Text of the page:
'Democracy: By the people, for the people.'

It is Election Day. Everyone has been up from early. Either you were up woken up by the noise on the street or you were the noise on the street. You vote.

The radio is muttering scores of names and numbers. There is a break in excitement between the bar under the eaves of the square and the hot night air. And Constable Brown didn't need anymore excitement after today.

He sinks lower in his stool, and contemplates his hand. Another two bills gone. He taps a finger on the formica and Miss Mavis grunts in reply. Miss Mavis, a burly, bearded woman twice his size stops polishing a glass and pours white liquid into it. Brown swishes the alcohol around in his mouth and swallows loudly. Brown knows that after today, he deserved a lil' drink. And no one could do a firewater like Miss Mavis. Flies pulse around the bar.

The officer's day had gone by in a whir of dust and shouting and cussing and pushing. People just didn't seem to appreciate Good, Honest Service to One's Country anymore. The dots on the pearly dominoes in his hand begin to swirl. He winces as the clear liquid burns down his throat and neck, but he is excited. Constable Brown finally has a good hand.

Outside in the square, the lights are too bright and the music is too loud, and he's sure there's some sort of crime being committed, but this sweet water jus' too sweet at the moment. The mass of bodies is pushing and waving flags and sweating. A clear patch of street exists only between the marginally straight line dividing the newly-formed masses of red and green. The children watch in quiet, confused awe under the eaves of the square, observing. Suddenly, a hush sweeps over the square. Everyone looks up to the pocked billboard screen that will show the results. The shaking camera shows another fete just like this one, but with a platform with important people on it. And the grand decision is disclosed and the crowd is in uproar.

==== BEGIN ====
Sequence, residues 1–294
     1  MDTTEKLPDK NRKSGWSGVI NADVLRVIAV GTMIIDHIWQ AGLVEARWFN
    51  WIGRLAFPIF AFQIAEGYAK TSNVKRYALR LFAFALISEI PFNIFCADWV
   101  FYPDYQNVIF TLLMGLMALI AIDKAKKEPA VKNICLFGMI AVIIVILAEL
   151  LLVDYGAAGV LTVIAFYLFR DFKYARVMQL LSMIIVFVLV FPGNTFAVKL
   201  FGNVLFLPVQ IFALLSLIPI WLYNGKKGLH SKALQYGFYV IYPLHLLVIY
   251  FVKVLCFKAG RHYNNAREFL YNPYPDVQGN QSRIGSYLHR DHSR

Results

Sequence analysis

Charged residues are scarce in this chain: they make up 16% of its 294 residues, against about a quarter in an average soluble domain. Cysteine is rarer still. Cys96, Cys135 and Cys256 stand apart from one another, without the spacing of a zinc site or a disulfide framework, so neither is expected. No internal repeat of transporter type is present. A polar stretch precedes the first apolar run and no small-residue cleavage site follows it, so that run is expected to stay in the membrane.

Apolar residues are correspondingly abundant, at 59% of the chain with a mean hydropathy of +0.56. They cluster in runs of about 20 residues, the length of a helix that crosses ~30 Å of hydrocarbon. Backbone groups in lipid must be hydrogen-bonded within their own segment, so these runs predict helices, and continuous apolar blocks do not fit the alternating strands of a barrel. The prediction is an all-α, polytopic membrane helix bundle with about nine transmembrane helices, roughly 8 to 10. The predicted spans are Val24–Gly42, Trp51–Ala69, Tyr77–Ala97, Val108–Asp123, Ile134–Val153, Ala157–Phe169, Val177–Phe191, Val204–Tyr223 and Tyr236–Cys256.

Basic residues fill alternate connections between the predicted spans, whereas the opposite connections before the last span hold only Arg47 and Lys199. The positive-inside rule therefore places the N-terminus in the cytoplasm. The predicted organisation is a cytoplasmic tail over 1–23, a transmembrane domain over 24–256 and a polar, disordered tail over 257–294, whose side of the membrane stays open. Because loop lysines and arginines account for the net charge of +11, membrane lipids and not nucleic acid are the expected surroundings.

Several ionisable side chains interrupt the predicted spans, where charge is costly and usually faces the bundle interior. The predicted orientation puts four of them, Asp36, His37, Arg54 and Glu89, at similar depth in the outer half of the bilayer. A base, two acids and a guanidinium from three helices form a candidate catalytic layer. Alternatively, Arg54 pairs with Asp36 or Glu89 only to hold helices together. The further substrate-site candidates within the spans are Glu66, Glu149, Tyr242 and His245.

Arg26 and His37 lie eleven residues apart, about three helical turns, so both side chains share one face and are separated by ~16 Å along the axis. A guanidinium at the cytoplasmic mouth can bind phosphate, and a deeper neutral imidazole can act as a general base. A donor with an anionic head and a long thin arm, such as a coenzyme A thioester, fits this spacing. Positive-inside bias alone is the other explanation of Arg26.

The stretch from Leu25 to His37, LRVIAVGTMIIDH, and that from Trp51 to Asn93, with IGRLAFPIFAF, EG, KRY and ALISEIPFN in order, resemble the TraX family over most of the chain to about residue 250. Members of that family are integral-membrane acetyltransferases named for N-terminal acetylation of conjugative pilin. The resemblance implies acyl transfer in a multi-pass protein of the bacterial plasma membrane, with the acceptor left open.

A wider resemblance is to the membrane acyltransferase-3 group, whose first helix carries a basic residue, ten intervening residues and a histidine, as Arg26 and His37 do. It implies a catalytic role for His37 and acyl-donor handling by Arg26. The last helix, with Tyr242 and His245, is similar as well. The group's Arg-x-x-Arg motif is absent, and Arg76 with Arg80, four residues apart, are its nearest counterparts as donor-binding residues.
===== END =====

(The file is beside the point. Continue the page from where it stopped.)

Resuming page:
Brown, intoxicated by the excitement, is on a roll. Only one domino left. He taps his finger on the counter.

A boy saunters up to his fuming comrade under the eaves of the square to receive his end of the bet. His flashing smile turns to a frown and there is a brief struggle, then a bang.

The crowd scatters in frantic pandemonium. Everyone has watched the news before, so everyone knows exactly how to act. The killer makes a dash up some side alley, and he is the only one going in any particular direction. And he knows it. The rest of the crowd is a gurgling mass, seismically spitting out screaming people in every direction. Except in the direction of the killer. And everyone knows it. Once removed from the initial point of focus, the braver ones form a layer of eyes around the victim, whose limbs are now being tugged at odd angles by his delirious relatives. His blood forms a little puddle on the street that soaks their jeans. This is logical. He supported the red party, so naturally his blood would be red…

The constable stops in mid-domino-slap when, through his haze of alcohol, he remembers that he needs to go outside to instill Public Order. He looks at the domino in his hand and gently lays it down on the table. No triumphant win or anything like that. Just the snake eyes looking back at him. Game bang up. He taps his hat to Miss Mavis and steps outside. Miss Mavis keeps polishing her glasses.

The next day Brown is under the eaves again and reading the newspaper. The flies whir around his head but he manages to ignore them. It's been a really hard day. Dominoes find themselves unappealing. As his eyes graze over the pictures, he recognizes someone. A starchy, wide-eyed photograph of the victim from the night before is in the newspaper. "Chevaughn Reid," he reads to himself. His death notice says something about a sunrise and a sunset, and 'gone too soon.' Chevaughn is wearing a polo shirt that is neither red nor green, but grey. The newspaper does not print in colour. Officer Brown closes the newspaper and taps on the formica. "One more, Miss Mavis."

Thus passes another election in the island nation.

Long live democracy.